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At vipHomeLink, our mission is to help improve the safety of your home, so we reached out to Dr. Suzanne Bentley, Medical Director of the Elmhurst Satellite Simulation Center at Mount Sinai, to get answers to important questions you may have about the spread of coronavirus and steps you to take to prevent spread of coronavirus at home.
What areas should I scrub in my home?
“At least once daily, I recommend wiping all surfaces that are frequently touched but infrequently cleaned,” says Dr. Bentley.
This imperative step includes cleaning the following areas:
- doorknobs (“Remember the exterior doorknobs, too!”).
- kitchen drawer pulls.
- the kitchen faucet handles.
- metal towel holders.
- and baby gate latches.
“If your house is anything like ours, we have baby gates to get to our first-floor bathroom to wash our hands when we come in,” says Dr. Bentley.
To prevent spread of coronavirus at home, health authorities also recommend homeowners pay particular attention to surfaces that come into contact with food.
Notes Dr. Bentley, “This virus, like most other illnesses, is most commonly transmitted from touching infected surfaces and then putting our hands into our mouth or touching our face.”
What about nightstands?
If you’re ill and using tissues, consider placing a small waste basket on your nightstand or next to your bed for used tissues. Otherwise, wipe nightstands frequently to ensure you’re disinfecting anywhere a soiled tissue may have touched.
How about changing that toothbrush?
“Never a bad idea!” says Dr. Bentley. “The American Dental Association recommends that you replace your toothbrush approximately every three to four months or sooner if the bristles are frayed. However, you should also change your toothbrush after a cold or illness.”
Can I get coronavirus from my cell phone?
“Think about it,” says Dr. Bentley. “You touch everything, then your phone, and then put it on your face all day.”
To prevent spread of coronavirus at home, wipe down your phone at least once a day (if not more) with an alcohol wipe or Lysol/similar cleaning wipes without beach. Then wash your hands – and if it wasn’t for the recommended 20 seconds, wash your hands again.
Should I worry about my dirty laundry?
“Most evidence suggests that a hot water wash and your routine laundry detergent of choice are sufficient to clean clothes of COVID-19,” says Dr. Bentley. However, you should change into clean clothes after returning from school or the outdoors, so as not to contaminate your home and bedding.
What about my ceiling fan? Can I use it, or is that how the virus spreads?
“Not sure if there is data on this one way or the other, but the virus is in the air,” says Dr. Bentley. “So a ceiling fan could move viral particles around, but if someone is COVID-19 positive, then many surfaces are likely already contaminated.”
Is washing your hands really that important? (Yes!)
“The biggest recommendation I would make is handwashing,” says Dr. Bentley.
The whole process should take between 40-60 seconds and is started by:
- using warm water (doesn’t need to be hot).
- turning on the faucet.
- getting your hands wet.
- putting soap on your hands.
- turning the water off.
Dedicate the next 20 seconds to scrubbing and only scrubbing.
The 20-second rule to scrub your hands is necessary and longer than most people realize. Remember to really wash for the whole 20 seconds, not just make your hands soapy and run them under soapy water (“like my five year old is known to do if we aren’t watching,” adds Dr. Bentley). Don’t forget to clean the underside of your nails, under and around your watch or bracelet, and the backs of fingers, too.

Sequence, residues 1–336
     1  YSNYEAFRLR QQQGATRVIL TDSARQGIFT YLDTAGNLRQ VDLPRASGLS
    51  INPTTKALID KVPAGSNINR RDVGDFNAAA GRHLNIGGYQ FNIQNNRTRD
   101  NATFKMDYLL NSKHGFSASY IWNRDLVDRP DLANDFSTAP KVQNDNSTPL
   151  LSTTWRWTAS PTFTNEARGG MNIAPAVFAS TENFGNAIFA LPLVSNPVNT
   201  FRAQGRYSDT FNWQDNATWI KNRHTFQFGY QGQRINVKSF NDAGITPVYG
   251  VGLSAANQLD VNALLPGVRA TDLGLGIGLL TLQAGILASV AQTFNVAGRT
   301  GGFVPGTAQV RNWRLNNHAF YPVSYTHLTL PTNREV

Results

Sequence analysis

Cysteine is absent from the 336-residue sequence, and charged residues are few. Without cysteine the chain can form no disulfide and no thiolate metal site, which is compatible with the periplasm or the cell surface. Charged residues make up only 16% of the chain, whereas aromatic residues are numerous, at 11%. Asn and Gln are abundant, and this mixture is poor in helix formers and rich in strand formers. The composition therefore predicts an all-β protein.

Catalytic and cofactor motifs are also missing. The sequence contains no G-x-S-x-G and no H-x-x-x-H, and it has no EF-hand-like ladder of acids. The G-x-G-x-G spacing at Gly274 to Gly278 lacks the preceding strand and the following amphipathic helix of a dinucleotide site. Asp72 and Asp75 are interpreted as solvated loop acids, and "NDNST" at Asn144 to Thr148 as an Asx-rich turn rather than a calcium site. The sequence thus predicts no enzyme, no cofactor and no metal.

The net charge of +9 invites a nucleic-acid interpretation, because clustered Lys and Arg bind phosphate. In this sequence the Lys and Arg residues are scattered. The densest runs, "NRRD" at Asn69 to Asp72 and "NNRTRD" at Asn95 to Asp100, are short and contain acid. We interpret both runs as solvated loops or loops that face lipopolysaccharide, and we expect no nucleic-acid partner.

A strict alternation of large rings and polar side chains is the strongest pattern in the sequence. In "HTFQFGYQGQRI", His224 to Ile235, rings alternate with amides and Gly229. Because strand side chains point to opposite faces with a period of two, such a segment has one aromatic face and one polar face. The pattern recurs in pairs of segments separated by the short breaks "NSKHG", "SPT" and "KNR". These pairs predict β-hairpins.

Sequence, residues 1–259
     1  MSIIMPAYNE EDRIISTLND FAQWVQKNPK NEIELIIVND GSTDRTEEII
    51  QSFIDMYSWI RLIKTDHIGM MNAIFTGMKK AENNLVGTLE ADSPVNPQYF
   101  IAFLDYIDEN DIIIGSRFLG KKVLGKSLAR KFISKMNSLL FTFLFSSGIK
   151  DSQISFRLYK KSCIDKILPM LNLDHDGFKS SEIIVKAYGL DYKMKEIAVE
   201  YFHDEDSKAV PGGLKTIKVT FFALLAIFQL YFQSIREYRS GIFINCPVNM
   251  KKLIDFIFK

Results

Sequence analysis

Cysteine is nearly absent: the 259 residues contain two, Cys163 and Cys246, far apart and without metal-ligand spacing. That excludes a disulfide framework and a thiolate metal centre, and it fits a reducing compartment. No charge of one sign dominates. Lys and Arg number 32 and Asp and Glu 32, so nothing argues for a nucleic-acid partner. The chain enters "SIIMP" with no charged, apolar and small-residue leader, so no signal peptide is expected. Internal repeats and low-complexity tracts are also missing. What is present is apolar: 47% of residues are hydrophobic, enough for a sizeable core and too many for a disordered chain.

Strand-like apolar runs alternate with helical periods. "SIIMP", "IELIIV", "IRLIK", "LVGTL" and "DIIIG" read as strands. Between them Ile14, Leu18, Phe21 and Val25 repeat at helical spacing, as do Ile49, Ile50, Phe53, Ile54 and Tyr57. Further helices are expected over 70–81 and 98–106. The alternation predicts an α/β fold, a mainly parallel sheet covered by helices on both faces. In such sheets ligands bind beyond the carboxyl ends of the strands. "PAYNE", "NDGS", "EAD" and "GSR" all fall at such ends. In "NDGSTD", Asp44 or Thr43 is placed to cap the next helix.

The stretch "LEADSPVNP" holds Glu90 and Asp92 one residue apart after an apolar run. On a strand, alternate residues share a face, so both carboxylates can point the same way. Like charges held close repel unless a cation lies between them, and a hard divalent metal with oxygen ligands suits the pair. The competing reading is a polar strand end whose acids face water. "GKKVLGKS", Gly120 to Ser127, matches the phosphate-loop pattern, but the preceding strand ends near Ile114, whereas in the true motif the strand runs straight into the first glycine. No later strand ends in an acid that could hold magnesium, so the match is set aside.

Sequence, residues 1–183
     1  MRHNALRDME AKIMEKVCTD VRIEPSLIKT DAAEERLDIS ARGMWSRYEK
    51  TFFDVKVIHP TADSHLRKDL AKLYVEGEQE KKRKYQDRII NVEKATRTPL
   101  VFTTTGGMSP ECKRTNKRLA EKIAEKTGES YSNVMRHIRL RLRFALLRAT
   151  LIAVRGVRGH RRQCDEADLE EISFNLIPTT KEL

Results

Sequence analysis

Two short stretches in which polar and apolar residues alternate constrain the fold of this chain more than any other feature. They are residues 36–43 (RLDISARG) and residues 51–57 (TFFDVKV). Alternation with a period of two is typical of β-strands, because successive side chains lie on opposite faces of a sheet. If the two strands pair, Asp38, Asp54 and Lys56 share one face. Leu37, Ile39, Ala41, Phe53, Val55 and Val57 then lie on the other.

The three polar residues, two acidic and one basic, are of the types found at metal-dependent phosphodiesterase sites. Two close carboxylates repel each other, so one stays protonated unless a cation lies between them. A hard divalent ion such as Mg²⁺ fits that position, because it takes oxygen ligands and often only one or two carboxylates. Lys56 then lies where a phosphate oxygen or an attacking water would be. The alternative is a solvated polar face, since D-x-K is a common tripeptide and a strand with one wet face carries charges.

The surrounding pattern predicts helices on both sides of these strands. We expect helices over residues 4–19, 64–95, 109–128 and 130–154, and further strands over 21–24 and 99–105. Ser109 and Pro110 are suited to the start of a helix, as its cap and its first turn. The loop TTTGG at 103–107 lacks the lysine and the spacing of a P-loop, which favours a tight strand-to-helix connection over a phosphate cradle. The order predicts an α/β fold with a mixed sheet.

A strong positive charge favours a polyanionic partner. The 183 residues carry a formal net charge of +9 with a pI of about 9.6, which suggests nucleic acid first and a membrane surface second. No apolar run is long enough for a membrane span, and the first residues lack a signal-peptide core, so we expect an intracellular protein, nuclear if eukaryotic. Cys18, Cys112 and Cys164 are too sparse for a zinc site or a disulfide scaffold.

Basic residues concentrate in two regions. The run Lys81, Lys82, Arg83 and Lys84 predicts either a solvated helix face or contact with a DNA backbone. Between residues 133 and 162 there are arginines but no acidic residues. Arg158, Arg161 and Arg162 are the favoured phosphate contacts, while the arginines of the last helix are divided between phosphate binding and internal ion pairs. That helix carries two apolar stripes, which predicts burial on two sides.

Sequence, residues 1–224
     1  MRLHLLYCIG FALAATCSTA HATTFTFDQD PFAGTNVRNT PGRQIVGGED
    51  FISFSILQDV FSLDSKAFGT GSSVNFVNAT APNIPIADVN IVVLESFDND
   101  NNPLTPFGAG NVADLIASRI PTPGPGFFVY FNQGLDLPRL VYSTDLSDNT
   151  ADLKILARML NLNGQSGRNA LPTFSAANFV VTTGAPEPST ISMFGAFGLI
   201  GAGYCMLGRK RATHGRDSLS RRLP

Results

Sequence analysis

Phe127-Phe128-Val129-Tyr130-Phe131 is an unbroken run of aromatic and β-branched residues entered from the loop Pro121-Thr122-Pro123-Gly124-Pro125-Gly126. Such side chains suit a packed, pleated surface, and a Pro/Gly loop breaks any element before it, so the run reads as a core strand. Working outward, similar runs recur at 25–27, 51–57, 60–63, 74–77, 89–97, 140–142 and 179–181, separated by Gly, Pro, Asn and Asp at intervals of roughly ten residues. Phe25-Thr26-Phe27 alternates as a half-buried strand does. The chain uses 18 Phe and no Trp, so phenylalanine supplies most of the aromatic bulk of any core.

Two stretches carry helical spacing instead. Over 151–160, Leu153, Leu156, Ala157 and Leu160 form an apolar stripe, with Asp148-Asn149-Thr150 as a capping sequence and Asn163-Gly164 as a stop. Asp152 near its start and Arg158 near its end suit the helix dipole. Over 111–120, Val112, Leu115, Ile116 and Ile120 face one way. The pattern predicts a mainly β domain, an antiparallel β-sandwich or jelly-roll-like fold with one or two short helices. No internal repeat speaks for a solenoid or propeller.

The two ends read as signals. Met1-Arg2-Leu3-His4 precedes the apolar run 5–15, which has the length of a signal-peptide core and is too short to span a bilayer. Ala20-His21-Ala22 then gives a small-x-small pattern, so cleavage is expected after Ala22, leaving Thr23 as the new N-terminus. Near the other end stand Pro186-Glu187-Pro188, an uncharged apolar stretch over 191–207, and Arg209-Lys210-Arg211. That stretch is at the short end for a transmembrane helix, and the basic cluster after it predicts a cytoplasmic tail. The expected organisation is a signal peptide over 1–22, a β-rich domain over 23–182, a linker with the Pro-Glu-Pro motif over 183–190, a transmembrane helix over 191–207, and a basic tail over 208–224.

Sing the happy birthday song or other fun songs you’ve seen suggested on social media that have approximately 20-second choruses. Also, help kids wash their hands as this is not the time to be trusting their independence when hand washing is so crucial. It is the most crucial thing you can do to prevent contracting or spreading the virus.
Finally, use a clean towel or tissue to turn off the sink (“You just turned it on with your ‘not clean’ hand.”) and to open the bathroom door. Dry your hands properly (not on your dirty shirt).
Wash your hands often, always after using the bathroom or before eating, and many times during the day, most importantly right after you cough or sneeze. (“Please try to do that into a tissue or your elbow!”).
Well, if hands are an issue, what about feet?
Consider taking off your shoes immediately upon entering the house and placing them on a plastic shoe tray by the front door that you can and should clean weekly. Also, wash your hands immediately after taking off shoes.
“General common sense and hygiene will go a long, long way in decreasing viral transmission and keeping homes virus free,” says Dr. Bentley.
Additional essential information
Visit the CDC website to keep up to date with the spread and risk mitigation of COVID-19. A few helpful guides you should consider reading include:
- The signs and symptoms of COVID-19 and what do you if you become symptomatic.
- How to create a household plan of action for COVID-19.
- Keeping workplaces, homes, schools, or commercial establishments safe.
Stay informed through official websites, like the CDC and the World Health Organization. Stay safe by listening and obeying the recommendations of health authorities, and continue to learn how to prevent spread of coronavirus at home as more information becomes available.
Return to vipHomeLink all this week for blogs about working from home, home improvement projects while at home, and additional home safety tips.
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Working from home? Check out Creating a “work away from work” space at home for remote working tips, and don’t miss 5 Super easy home improvements that don’t require an outing.